The common Hollywood image is of the successful novelist, a Stephen King swimming in royalty checks. In real life, someone could publish a novel he'd nearly destroyed himself over and reap what Mossman got: $7,000. In interviews in Stone Reader, we hear lamentations about the human cost of serious writing from luminaries of the lit world, almost all of whom draw a blank when the name "Mossman" is mentioned.

Sources include the distinguished editor Robert Gottlieb and the physically infirm but still magisterial critic Leslie Fiedler, who died recently. Moskowitz also interviews John Koshiwabara, a book-jacket designer whose claim to fame was coming up with the puppeteer image for Mario Puzo's The Godfather. But he, too, has no recollection of designing the jacket of Mossman's only novel.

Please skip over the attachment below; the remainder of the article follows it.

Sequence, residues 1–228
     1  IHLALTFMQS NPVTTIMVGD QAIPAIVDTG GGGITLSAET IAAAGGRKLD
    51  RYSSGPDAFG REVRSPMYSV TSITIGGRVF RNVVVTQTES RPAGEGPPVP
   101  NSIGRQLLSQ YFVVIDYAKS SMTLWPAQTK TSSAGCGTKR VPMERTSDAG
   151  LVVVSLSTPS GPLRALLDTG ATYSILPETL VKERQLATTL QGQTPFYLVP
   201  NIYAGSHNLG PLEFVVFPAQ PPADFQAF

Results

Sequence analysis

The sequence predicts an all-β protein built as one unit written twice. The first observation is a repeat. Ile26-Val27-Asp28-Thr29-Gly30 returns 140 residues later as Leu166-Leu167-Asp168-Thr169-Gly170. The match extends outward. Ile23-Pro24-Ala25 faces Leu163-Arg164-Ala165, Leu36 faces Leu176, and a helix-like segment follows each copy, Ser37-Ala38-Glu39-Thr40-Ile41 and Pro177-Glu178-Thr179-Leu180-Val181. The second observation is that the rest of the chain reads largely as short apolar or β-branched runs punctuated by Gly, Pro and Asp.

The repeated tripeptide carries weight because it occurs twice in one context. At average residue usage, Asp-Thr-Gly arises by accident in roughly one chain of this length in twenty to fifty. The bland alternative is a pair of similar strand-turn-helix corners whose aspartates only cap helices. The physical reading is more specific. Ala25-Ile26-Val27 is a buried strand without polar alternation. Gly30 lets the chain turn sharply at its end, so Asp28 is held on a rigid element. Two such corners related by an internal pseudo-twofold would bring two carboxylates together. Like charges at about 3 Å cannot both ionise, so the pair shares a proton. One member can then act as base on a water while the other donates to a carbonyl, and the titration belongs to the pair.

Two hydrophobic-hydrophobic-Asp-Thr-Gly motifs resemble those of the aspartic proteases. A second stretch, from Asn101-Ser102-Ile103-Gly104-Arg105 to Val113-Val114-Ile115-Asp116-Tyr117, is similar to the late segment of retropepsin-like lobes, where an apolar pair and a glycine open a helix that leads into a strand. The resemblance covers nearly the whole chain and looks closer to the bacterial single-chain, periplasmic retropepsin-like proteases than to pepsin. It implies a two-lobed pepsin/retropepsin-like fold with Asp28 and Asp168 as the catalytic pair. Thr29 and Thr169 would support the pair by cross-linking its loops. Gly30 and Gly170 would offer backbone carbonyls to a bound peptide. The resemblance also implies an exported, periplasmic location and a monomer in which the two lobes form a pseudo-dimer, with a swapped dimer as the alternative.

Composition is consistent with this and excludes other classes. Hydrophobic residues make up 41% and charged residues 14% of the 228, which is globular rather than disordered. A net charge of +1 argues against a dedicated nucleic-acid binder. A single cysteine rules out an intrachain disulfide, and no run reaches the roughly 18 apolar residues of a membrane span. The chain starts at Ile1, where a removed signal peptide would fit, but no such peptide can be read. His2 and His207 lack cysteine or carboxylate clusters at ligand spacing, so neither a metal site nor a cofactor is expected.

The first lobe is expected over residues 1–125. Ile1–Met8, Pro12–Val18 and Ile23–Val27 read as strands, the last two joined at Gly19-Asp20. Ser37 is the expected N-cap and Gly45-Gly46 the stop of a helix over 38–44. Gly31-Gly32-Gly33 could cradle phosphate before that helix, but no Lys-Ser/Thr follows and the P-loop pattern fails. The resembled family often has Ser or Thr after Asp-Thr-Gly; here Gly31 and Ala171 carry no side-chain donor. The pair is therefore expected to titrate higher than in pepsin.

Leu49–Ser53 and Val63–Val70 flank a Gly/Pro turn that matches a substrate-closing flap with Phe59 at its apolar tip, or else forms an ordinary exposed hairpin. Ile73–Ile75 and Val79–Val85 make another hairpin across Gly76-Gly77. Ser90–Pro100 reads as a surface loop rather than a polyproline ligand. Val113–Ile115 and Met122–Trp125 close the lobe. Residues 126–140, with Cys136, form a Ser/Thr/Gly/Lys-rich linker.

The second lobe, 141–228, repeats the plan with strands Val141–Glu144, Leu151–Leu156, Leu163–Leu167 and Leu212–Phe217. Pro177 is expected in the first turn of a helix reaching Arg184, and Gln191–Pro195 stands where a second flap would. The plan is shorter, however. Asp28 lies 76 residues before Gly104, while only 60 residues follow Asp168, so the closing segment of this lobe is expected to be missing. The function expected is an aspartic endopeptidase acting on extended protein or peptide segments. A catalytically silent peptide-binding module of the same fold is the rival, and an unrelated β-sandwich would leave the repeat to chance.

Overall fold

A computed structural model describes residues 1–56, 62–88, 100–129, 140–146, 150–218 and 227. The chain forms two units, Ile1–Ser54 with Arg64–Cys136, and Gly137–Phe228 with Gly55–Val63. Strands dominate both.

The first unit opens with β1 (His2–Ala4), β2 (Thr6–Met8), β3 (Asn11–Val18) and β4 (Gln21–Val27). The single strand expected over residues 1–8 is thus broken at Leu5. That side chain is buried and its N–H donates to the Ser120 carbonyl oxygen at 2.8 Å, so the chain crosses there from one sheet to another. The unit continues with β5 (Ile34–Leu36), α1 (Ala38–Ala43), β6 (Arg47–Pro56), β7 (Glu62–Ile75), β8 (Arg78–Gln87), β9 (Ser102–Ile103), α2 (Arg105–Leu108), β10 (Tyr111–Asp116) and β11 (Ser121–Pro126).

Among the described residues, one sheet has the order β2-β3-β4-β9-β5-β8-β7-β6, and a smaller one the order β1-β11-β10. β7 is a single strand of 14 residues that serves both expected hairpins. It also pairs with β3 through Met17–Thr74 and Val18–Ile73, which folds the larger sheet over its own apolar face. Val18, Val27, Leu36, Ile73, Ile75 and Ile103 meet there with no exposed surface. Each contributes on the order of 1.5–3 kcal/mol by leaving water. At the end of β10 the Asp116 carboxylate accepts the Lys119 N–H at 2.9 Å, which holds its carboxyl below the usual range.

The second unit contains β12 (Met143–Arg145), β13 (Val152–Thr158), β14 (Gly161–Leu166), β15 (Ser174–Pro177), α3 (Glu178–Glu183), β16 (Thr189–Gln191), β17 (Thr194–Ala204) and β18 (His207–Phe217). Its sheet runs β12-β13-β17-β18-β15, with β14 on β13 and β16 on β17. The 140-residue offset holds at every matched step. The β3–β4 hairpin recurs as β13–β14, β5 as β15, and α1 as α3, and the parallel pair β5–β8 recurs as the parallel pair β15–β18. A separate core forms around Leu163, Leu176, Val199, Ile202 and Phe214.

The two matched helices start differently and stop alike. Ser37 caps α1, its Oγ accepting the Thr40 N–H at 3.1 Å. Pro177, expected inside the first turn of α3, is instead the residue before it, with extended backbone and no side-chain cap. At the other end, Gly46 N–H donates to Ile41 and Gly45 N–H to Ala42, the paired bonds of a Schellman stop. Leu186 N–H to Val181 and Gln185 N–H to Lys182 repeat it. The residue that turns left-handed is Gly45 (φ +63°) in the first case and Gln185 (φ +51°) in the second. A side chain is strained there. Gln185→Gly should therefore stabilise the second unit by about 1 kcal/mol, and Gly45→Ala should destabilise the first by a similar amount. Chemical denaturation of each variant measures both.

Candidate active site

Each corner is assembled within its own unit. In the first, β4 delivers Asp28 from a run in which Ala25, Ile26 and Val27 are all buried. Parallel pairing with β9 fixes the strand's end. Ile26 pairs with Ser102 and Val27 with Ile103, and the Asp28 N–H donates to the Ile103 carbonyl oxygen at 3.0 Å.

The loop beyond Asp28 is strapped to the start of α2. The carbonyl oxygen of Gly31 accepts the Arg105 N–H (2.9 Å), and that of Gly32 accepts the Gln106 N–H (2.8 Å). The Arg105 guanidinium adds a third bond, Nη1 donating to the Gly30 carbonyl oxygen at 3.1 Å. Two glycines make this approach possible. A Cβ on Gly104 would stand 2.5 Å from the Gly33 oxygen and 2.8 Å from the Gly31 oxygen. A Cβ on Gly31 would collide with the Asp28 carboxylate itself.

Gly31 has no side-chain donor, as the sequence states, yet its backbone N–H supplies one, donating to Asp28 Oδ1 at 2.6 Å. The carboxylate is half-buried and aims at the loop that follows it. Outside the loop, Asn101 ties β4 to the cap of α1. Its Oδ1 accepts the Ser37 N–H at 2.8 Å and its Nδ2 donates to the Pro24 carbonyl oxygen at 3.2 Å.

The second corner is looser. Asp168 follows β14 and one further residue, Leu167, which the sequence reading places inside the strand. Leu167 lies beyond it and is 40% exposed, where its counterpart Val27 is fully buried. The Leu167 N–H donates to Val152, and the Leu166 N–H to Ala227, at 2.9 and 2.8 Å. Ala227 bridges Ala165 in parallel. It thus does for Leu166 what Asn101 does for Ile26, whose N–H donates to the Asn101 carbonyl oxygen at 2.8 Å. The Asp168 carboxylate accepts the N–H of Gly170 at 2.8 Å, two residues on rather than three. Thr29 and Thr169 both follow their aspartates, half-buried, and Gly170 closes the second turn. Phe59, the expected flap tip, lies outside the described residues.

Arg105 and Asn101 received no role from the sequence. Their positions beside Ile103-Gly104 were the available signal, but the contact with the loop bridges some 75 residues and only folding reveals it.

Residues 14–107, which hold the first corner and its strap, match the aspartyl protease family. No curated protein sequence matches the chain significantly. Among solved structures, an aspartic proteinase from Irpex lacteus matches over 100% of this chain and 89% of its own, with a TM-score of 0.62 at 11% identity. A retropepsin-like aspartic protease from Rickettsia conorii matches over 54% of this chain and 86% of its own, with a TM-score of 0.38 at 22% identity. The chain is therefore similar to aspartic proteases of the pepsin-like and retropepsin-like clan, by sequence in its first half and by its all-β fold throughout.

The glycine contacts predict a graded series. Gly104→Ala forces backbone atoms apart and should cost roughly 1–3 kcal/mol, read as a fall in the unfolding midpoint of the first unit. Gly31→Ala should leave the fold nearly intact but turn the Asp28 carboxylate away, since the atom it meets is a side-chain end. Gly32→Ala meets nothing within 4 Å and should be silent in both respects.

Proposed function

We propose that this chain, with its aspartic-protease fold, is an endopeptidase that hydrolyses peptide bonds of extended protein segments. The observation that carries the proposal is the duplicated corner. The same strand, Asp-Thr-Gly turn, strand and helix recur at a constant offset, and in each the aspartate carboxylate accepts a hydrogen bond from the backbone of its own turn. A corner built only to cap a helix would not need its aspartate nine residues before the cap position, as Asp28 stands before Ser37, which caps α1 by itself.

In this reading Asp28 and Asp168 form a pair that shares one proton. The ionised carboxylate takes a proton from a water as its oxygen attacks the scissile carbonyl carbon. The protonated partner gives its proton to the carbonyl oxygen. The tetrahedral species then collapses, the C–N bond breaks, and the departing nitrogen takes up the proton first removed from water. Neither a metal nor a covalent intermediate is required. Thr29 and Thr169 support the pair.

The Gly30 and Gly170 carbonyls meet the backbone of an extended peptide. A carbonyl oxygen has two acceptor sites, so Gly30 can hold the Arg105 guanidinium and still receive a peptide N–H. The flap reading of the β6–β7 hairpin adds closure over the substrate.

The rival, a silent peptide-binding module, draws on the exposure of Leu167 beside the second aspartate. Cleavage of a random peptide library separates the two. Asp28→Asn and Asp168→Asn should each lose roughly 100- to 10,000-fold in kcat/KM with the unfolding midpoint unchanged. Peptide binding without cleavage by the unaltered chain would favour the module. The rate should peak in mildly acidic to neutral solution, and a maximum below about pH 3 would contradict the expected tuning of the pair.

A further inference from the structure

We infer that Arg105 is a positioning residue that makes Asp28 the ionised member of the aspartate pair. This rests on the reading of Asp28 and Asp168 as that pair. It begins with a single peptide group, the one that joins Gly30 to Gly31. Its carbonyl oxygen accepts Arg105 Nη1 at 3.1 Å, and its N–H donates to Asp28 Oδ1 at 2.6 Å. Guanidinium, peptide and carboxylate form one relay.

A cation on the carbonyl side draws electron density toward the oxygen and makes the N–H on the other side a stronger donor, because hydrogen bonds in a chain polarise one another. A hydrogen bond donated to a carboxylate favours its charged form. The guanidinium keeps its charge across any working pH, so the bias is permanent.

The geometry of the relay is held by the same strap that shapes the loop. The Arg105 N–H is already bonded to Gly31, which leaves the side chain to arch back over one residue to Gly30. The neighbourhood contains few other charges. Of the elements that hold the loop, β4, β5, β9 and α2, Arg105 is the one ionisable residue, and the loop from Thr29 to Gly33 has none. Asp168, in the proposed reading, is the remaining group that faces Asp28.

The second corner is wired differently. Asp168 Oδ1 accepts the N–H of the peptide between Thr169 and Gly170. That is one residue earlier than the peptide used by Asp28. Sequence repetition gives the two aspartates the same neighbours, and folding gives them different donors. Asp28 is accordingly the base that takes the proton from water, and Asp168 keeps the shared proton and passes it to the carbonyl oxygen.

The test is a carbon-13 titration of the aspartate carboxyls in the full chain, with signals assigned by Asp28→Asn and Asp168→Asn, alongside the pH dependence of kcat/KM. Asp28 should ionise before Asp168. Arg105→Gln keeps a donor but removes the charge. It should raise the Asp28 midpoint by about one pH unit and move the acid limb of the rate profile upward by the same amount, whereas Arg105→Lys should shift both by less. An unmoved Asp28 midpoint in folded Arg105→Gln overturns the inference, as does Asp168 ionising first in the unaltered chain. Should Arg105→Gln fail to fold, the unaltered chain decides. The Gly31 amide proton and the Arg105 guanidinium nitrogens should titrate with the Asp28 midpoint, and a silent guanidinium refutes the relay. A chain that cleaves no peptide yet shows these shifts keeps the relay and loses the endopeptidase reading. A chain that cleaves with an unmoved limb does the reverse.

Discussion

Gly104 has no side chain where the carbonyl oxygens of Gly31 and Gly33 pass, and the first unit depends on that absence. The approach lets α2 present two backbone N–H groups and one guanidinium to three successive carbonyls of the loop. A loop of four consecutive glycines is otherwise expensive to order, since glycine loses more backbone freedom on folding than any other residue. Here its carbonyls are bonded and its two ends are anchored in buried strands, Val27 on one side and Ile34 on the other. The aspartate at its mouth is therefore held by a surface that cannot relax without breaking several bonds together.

Closing in on his quarry, Moskowitz stops in Pittsburgh to visits novelist and teacher Bruce Dobler, who recollects the Iowa University Writers Workshop in the 1970s, where he and Mossman honed their art: "It was the meanest place I've ever been, maybe except for the Maryland State Penitentiary." Moskowitz also tracks down professor William Cotter Murray, who gave his student Dobler a series of lashings he still smarts from 30 years later. Weirdly, Murray himself is as kindly an old Irish codger as you'd hope to encounter.

Between the interviews are moments of self-questioning. The most poignant is a spoken essay occasioned by the day Joseph Heller died, which leads the director to remember libraries and old paperback stores that started him on his country-crossing journeys.